There’s no doubt that pets add another layer of stress and complication to a move, but of course we wouldn’t think of leaving them behind for the world. And moving with an animal can be done safely. Read on to learn seven mistakes people make when moving with a pet (or multiple pets) and how to avoid them regardless of where you're moving whether to Lake Norman, Charlotte, Huntersville, Concord, a condo in the city, a waterfront luxury home or a quite retreat in the mountains. 

1. Not Preparing Your Pet for The Move
A move is always stressful for an animal, even if they've moved before. Transportation can add unnecessary stress if your pet isn’t prepared for it. If your dog isn’t crate trained, start immediately. Place any type of pet, including reptiles, in the planned carrier for a few hours a day, every day, leading up to the move, so they can get used to the space; for cats and dogs, include any favorite beddings or soft toys to make the space comfier. Reptile carriers should be empty to prevent injury.

2. Not Having a Vet Picked Out Beforehand
If your pet is injured in the move or becomes sick with the stress, you want to have a vet available to see them as soon as possible. Research local vets and find one that fits your needs; if possible, get your pet in the system as a patient and send the vet their records before the move. Also, check with your current vet before the move for any tips for moving with your specific pet safely.

3. Not Having A Space Prepared for Your Pet When They Arrive
This is probably obvious for owners of lizards, snakes, fish, and other tank or terrarium pets. Any pet that needs to live in a controlled environment should really spend as little time outside of their preferred climate as possible – be that heat, humidity, pH, water hardness, or anything else. However, cats, dogs, and other animals that have free roam of the house will also need a designated space prepared for them before they move in. Moving is stressful, and being immediately released into a new space can be overwhelming. Setting up a bathroom, bedroom or other contained space with their litter box or puppy pads, bed, toys, food, and other familiar necessities will give them a place to feel safe and comfy and less like they’re on a foreign planet. It will also be a major help in keeping them out from underfoot during the process of moving furniture and boxes and other heavy things. You may also consider placing them in a pet hotel/day care for the day so they get to run around...while you're running around.

4. Not Transporting Your Pet Safely
Cars and moving vans can be dangerous places for any animal, and having an animal in the car can also make it more dangerous for the humans involved. No matter how cute your dog looks hanging their head out the window, it’s important to make sure your animal is constrained while in the car to prevent accidents. Crate your dog or invest in a doggy seatbelt, buy a cat basket or carrier, and put a reptile in a waterproof clear plastic container with air holes and towels on the bottom. (Wet the towels if your reptile needs a moist environment.) Place the carrier on your lap or the floor to prevent it from moving or being crushed by other objects. If traveling by air, check with your airline for their pet transportation guidelines.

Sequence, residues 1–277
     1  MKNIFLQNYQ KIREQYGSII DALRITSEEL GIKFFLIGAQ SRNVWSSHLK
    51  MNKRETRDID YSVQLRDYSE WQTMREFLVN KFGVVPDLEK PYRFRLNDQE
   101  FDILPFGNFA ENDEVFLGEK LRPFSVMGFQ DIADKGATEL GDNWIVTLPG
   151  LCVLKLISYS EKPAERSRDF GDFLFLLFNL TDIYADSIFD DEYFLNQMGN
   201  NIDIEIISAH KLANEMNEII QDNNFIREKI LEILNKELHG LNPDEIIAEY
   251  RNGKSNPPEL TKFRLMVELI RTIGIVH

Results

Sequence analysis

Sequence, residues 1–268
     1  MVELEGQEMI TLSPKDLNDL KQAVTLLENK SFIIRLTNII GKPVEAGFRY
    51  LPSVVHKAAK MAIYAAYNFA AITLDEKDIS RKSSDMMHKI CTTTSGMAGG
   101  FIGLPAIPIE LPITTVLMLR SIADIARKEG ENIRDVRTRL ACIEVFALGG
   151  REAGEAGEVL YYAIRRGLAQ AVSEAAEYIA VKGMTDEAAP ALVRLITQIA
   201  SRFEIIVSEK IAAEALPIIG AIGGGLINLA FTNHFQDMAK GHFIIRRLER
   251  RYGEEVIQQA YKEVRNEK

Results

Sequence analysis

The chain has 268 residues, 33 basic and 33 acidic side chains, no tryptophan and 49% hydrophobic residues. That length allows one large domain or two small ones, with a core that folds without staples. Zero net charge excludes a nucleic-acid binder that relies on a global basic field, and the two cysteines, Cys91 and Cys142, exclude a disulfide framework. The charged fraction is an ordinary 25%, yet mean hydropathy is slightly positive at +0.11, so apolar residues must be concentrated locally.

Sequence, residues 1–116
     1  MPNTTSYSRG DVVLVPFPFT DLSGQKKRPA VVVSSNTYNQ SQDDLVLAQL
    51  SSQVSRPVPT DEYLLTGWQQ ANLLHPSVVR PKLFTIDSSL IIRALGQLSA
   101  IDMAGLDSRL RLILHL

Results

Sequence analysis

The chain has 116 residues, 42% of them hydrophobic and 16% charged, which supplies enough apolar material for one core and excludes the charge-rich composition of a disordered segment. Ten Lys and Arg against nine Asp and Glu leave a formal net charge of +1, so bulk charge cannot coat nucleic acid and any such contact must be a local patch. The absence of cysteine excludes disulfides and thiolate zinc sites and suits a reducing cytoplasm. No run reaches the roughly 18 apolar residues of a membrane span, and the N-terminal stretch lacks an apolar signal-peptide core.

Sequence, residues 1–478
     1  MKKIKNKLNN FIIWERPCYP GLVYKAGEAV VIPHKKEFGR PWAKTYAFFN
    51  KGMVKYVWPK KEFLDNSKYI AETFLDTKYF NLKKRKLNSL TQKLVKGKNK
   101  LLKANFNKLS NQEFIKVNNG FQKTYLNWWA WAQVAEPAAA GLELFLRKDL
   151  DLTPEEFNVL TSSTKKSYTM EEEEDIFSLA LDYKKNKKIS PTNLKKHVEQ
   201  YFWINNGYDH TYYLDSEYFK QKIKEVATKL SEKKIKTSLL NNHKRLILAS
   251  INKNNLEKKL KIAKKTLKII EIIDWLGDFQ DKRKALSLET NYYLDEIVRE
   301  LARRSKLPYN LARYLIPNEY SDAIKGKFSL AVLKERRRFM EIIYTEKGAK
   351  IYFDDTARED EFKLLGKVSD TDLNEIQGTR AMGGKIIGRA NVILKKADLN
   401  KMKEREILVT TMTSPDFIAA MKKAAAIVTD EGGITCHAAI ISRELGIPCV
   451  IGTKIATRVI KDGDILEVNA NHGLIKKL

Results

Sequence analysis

5. Giving Your Pet Too Much Freedom Too Soon
This one is especially important for cat owners. Whether you have an indoor or outdoor cat, they are likely to be very attached to their environment at home and a move will be particularly stressful for them. Dogs can still struggle with the new environment, but their strong bond with their people will blunt the stress for them. Lizards and other reptiles might not even notice the change so long as their tank setup stays the same.

Your cat might respond to this stress by trying to run away or by hiding away in a dark corner or small space for days. To avoid this, keep them in a contained space full of familiar objects for a few days at the old house, and then again with the setup as identical as possible in the new house. Let them explore new rooms at the house one at a time, always with close supervision and any escape to the outside blocked. How long it takes your cat to feel comfortable in the new space will depend on your cat, but hopefully within a few days or a week they can start to regain roaming privileges. If they are outside/inside cats, don’t let them outside for at least two weeks. Calming Pheromone products may help to calm them as well. 

6. Not Checking Local Laws Ahead of Time
Check the licensing requirements for your pet before transporting them and make sure all the paperwork is squared away. Some jurisdictions may not allow certain breeds of dogs, like Rottweilers or Staffordshire Terriers. This is most important for lizards, snakes, amphibians, and other “exotic” pets. Some states, like Hawaii, forbid these pets entirely for environmental reasons. Also, make sure to have your pet checked by a vet no more than 10 days before the move and given a clean bill of health in writing, as you might need it to get your pet approved to travel.

7. Trusting Your Pet Too Much
This is especially true for dog owners, who might get lured into a false complacency by news stories about dogs finding their owners again after getting separated during a move. However much your dog loves you, this is unlikely, so take precautions. Get your dog tagged, microchipped and/or make sure your updated contact info is on their collar.

Unfortunately, moving will be a stressful time for you and your pet no matter what, but if you’re careful and thoughtful throughout the process, it will just be a minor blip in a loving relationship and a happy life for your pet.